Cultivating an Interest in Agriculture

Special to The Times

John Wood swept a net across a field, then showed his catch -- dozens of creepy, crawly insects -- to the handful of students gathered around.

As Wood pointed out the aphids, flies, beetles and wasps, he ticked off which ones are beneficial to plants and which ones are harmful, then described how they interact.

The lesson -- which included information on the education necessary to become a plant doctor like Wood -- was one of six offered Tuesday at the Future Connections in Agriculture Career Day at Faulkner Farm in Santa Paula.

This is the second year the career day, designed to expose high school sophomores and juniors to opportunities in agriculture, has been offered through a partnership with the UC Hansen Trust and a Ventura County superintendent of schools program called School to Career.

School to Career also exposes students to job opportunities in health and human services, tourism and hospitality.

"One of the things we've found is that students are not as aware of the agriculture industry, so it's critical that we show the variety of careers out there," said Dan Little, director of the School to Career program. "It's more than just working in the fields."

Bruce Freeman, education coordinator for the UC Hansen Trust, said Tuesday's workshop began with the basics.

"We're finding kids are not aware of the seed-to-table connection, and our job is to make that connection," Freeman said. "We show the students that there are 27 different agricultural occupations needed to get the crops from the field to the consumer."

The UC Hansen Trust was established in 1993 by Thelma Hansen, who left an endowment to the University of California supporting agriculture research and education in Ventura County.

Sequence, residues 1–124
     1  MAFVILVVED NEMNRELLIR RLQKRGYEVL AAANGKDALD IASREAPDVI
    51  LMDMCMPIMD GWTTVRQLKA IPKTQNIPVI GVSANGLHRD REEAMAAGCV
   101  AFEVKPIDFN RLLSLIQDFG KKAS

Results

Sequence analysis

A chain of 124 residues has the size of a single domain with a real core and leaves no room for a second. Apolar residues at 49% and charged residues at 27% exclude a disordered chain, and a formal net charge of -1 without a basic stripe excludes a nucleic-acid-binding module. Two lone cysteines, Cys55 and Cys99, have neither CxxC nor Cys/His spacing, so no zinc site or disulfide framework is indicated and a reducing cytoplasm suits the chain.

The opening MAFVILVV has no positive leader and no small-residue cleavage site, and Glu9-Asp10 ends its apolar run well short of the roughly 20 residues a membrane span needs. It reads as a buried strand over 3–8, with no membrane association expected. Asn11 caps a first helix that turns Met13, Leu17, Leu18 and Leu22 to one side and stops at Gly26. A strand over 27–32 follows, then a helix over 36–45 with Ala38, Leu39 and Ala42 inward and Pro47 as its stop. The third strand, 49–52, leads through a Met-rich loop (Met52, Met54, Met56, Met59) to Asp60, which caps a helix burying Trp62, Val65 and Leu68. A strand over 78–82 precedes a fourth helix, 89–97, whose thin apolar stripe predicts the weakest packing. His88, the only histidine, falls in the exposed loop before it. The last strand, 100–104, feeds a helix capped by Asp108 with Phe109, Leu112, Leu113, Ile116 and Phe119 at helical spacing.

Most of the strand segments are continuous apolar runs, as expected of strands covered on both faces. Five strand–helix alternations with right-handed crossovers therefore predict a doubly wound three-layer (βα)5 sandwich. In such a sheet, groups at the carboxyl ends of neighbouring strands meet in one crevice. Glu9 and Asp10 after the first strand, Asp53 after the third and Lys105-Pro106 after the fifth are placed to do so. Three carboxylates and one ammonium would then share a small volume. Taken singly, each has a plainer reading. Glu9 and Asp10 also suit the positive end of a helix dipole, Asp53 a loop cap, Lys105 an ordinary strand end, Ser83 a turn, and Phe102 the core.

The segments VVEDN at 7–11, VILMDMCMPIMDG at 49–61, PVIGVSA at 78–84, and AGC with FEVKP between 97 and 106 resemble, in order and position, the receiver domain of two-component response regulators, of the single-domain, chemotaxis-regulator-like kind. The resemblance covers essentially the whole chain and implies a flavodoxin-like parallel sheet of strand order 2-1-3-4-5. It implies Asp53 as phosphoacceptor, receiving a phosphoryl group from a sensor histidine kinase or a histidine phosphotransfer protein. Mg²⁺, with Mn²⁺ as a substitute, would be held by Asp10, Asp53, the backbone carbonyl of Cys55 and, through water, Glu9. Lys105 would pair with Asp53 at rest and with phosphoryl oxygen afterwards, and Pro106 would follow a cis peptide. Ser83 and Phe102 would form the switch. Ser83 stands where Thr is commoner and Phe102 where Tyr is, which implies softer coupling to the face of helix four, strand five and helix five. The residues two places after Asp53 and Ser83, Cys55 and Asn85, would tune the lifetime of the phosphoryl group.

Administered by the University of California's agriculture division, the trust was used to create the Hansen Agricultural Learning Center on the 27-acre farm near Santa Paula.

Agriculture continues to be Ventura County's most prominent industry, bringing in more than $1 billion a year.

"The best part about this program is getting kids out here and doing hands-on work with them," Freeman said. "There are job opportunities out there that need to be filled."

The daylong program offered 60 students from county high schools the chance to study various topics related to agriculture.

The topics included entomology, animal husbandry, floriculture, farm equipment, research and propagation -- the starting of plants from seedlings before transplanting in the fields.

All six topics offered hands-on experience for the students -- whether it was checking for mites on the leaves of a strawberry plant, feeling the difference between sheep wool and llama wool or making a boutonniere.

"It's nice to try something new and see what else there is in the world," said 15-year-old Fillmore High sophomore Gary Palmateer after making a boutonniere under the guidance of Jim Parson, owner of Ashwood on Main Florist.

For Estela Ambrosio and Breanna Foland, Tuesday's field trip gave the Fillmore High juniors a chance to see some animals up close. Both hope to pursue careers in veterinary medicine.

"I got sad when I heard that people eat goats, but it was still interesting to learn about," said Estela, 17. "I'm really glad I was able to come."

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